Rarible NFT Market Vulnerability Authorized Attackers to Transfer Crypto Assets | #hacker | #hackiing | #phishing


The vulnerability could allow attackers to steal crypto and NFT tokens in a single transaction if exploited.

Check Point Research team has identified a vulnerability in the Ethereum-based Rarible marketplace for Non-Fungible Token aka NFT, allowing attackers to remotely steal digital assets using a simple trick and transfer the funds directly to their wallets.

According to researchers, if this security flaw is exploited, threat actors can easily steal crypto tokens and NFTs.

The Jay Chou Connection

Check Point Research’s investigation into the Rarible marketplace was initiated after they observed an attack on famous Taiwanese singer Jay Chou in which the singer’s Bored Ape NFTs were stolen and sold for more than half a million dollars.

According to reports, The singer was tricked into submitting a transaction. His BoardAppe NFT 3738 was later sold for $500,000 on the marketplace. After witnessing this, researchers became intrigued since anyone can be tricked like this, and hence, an investigation into Rarible was launched.

About Rarible

Community-centric NFT marketplace Rarible has 2.1 million registered users. The marketplace offers around 50% royalties and supports three blockchains. Rarible rakes in hundreds of millions of dollars in annual trading volume. The platform reported a $273 million trading volume in 2021, becoming one of the world’s largest NFT marketplaces.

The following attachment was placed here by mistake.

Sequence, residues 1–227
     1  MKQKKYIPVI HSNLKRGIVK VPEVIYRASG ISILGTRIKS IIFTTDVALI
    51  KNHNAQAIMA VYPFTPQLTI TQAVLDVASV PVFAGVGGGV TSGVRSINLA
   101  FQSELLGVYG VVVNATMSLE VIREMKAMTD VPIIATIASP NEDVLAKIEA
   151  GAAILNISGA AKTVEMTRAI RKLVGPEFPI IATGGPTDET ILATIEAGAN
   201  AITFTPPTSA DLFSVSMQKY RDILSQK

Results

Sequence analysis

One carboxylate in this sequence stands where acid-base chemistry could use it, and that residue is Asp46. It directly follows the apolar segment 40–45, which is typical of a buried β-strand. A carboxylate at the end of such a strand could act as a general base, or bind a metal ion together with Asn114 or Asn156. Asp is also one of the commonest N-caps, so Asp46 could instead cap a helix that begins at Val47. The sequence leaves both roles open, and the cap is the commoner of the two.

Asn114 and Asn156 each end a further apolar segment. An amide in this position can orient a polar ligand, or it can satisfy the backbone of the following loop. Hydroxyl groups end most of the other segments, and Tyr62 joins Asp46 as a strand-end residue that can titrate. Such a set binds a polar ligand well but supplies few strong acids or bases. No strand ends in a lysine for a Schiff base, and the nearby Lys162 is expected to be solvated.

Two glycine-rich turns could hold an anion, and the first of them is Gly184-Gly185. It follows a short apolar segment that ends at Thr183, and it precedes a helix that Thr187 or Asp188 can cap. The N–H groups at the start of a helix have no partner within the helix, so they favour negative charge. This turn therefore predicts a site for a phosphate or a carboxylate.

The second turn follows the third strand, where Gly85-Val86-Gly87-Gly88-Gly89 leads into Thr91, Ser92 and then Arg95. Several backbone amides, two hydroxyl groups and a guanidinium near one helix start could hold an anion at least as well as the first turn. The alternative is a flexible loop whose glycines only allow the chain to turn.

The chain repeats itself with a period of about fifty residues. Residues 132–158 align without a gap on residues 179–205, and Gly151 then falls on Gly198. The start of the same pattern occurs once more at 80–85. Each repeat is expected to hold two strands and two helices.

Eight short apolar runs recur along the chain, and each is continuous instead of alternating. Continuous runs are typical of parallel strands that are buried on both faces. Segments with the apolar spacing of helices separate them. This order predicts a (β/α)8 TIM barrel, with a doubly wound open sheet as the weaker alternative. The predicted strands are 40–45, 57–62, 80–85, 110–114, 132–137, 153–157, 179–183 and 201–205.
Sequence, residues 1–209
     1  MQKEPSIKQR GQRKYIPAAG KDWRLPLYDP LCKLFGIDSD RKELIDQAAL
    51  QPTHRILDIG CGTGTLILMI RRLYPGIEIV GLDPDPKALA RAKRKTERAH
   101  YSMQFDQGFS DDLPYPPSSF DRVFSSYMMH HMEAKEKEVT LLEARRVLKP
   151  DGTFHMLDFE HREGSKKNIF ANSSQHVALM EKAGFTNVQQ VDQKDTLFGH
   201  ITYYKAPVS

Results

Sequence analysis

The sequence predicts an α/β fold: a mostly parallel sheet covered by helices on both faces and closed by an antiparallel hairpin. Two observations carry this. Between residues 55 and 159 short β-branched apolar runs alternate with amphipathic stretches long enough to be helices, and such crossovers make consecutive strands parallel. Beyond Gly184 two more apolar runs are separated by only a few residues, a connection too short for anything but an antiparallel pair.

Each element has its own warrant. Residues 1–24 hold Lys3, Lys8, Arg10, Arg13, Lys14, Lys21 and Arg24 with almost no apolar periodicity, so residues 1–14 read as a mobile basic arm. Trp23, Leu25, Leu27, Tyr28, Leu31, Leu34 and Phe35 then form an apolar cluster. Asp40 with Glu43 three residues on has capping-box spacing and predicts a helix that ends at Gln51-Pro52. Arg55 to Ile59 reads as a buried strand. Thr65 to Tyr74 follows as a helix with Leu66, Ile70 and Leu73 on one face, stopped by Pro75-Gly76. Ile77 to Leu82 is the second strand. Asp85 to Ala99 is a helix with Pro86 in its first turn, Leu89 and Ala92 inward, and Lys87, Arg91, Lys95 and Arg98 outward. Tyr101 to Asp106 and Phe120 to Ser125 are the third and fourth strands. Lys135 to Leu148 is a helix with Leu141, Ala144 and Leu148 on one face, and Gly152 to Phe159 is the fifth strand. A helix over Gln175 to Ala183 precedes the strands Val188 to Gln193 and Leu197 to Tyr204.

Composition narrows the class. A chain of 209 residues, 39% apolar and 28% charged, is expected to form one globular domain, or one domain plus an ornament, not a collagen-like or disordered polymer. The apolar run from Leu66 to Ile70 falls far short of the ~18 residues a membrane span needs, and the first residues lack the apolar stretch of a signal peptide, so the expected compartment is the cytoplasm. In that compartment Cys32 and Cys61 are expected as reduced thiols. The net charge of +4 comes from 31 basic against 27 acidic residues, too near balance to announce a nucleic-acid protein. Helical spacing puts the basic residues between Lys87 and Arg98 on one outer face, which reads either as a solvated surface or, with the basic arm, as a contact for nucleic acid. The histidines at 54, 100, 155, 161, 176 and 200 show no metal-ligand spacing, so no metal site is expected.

What’s the Issue?

The issue arises from the inherent risk in the “setApprovalForAll” function. This function is a part of the NFT EIP-721 standard that allows someone else to fully control the NFT assets. An attacker only needs to fake a seemingly innocuous transaction request and ask the asset owner to sign it. The attacker snags the target’s NFTs or takes control of the wallet without the victim’s knowledge.

The vulnerability, according to CheckPoint’s blog post, detected in Rarible is that it lets users upload up to 100MB of media files without scanning them for malicious software/content. Based on this information, researchers tried to create an SVG image to hide a malicious JavaScript payload and upload it as an NFT for sale on Rarible.

When they clicked on the NFT image or the IPFS link, this triggered the code execution, and the victim’s browser displayed a “setApprovalForAll” transaction request. Check Point researchers stated that users who have become victims already could review and revoke the token permissions they gave through previous fraudulent transaction requests.

Possible Dangers

If the victim doesn’t understand the purpose of the transaction or is somewhat careless, they will unknowingly approve the request, and the attacker will gain access to their NFT collection. Once this is done, the attacker will use the TransferForm action, steal the NFT, and transfer them to their wallet. This action is irreversible since it is a blockchain transaction.

To stay safe, users must remain cautious when they receive new requests to sign in within the marketplace and review the request carefully. If deemed suspicious, they must reject the request and examine it further before authorizing it.

Check Point disclosed the findings to Rarible on April 5th, and the marketplace acknowledged the security flaw, after which a fix might be underway soon.

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